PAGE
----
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Fintech Act. 21 Aug 2017

BBVA's financial inclusion system

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Sending and receiving money, saving or paying for products and services are unusual financial transactions for more than half of the world population. Financial inclusion programs promote financial services for these people with the aim of reducing not only the costs of their financial transactions, but also the risks involved.

New technologies, increased information processing capacity, greater speed and ease in data connection, reduced costs of smartphones and the proliferation of places offering public WiFi give financial institutions the possibility of generating high-value offerings for the lower-income population.

According to World Bank data, in 2014 half of the world’s adult population did not have a bank account at a formal financial institution. In view of these figures, many banks are driving financial inclusion programs, which also have an impact on the well-being and sustained economic growth of the countries.

BBVA’s strategy

With the aim of managing these services, BBVA set up the Easy Banking & Financial Inclusion unit, which is responsible for developing and implementing the financial inclusion business model. In addition, through the Microfinance Foundation, the BBVA Group has invested resources in seven Latin American countries to promote the social and economic development of the most disadvantaged sectors of the population through productive and responsible finance.

The model developed has focused on turning money into a facilitator for their lives, not an obstacle. The challenge is to facilitate access to financial services through alternatives to the traditional branch office model.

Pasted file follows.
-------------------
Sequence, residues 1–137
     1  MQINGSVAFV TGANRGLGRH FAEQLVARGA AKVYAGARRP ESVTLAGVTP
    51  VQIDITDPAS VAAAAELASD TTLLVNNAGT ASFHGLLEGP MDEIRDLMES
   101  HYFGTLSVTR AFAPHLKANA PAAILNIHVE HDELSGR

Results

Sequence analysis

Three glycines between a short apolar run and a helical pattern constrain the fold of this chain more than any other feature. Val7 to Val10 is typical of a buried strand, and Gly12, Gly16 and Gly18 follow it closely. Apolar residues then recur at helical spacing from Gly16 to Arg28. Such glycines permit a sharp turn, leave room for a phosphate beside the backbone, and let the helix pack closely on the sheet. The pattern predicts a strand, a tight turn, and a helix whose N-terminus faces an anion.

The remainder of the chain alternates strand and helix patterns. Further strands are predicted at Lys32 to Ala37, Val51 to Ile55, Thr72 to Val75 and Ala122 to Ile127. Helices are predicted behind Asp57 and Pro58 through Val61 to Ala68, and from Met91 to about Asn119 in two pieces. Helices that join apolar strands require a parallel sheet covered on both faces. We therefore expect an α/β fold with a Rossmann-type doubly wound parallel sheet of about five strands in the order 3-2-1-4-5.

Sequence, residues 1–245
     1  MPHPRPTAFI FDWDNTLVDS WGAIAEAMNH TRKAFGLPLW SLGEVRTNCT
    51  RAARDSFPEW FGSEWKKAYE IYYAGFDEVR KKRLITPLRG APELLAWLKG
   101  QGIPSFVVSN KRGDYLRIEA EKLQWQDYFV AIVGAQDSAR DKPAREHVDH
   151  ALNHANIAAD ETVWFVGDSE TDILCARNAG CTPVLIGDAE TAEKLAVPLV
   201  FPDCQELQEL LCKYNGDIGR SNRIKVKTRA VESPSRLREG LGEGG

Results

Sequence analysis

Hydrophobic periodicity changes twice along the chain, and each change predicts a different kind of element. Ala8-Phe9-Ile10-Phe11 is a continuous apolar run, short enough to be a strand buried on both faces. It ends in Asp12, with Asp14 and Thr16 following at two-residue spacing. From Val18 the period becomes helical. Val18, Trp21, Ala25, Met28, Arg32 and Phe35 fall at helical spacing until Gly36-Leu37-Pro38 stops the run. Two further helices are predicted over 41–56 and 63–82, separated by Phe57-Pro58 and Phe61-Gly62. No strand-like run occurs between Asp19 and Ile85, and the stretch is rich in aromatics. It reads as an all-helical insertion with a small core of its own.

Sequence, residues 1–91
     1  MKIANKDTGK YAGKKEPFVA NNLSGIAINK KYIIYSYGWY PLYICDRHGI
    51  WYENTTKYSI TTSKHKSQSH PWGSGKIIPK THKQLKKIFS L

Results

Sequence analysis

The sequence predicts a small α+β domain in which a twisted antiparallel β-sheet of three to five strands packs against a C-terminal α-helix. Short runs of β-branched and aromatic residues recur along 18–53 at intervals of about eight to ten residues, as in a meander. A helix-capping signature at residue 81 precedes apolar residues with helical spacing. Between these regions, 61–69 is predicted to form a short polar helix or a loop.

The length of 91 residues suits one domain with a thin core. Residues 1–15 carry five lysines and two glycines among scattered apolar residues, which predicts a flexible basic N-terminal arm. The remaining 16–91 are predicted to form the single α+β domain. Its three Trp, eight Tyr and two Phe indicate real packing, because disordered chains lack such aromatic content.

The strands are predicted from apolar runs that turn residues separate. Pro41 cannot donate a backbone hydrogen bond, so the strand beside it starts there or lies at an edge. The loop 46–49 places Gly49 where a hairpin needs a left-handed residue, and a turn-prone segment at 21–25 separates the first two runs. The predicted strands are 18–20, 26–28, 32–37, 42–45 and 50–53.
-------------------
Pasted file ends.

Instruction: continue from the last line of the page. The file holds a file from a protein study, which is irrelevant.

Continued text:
To do so, the Bank is developing low-cost digital products and channels and easy to open and operate products for making inquiries, transactions and transfers easily and securely, guaranteeing security, availability and proximity.

One of the keys of this strategy is taking into account the particular features of each country in which BBVA is present, i.e. it adapts to their specific needs.

In this regard it focuses on three sequential steps:

  1. Expansion of the correspondent network: there are more than 41,000 points and more than 68 million transactions are completed each year.
  2. Development of a mobile payment structure for high-end and low-end cell phones. For example, through BBVA Wallet in Chile, the electronic wallet in Peru, SMS Banking in Mexico…
  3. Building specific financial solutions for the low-income segment, such as transactional and saving instruments, microinsurance and microcredit, among others.

Lastly, worth mentioning is the work carried out by BBVA Bancomer in Mexico, where there are 6.6 million customers in the low-income segment, or 72% of the customers with this profile in Latin America.

This is why much of this model’s effort has been concentrated in this country, in the Mexico Digital Banking department, for building services that generate value for this type of customers. It is a role model for boosting services that foster financial inclusion of the entire population.

 

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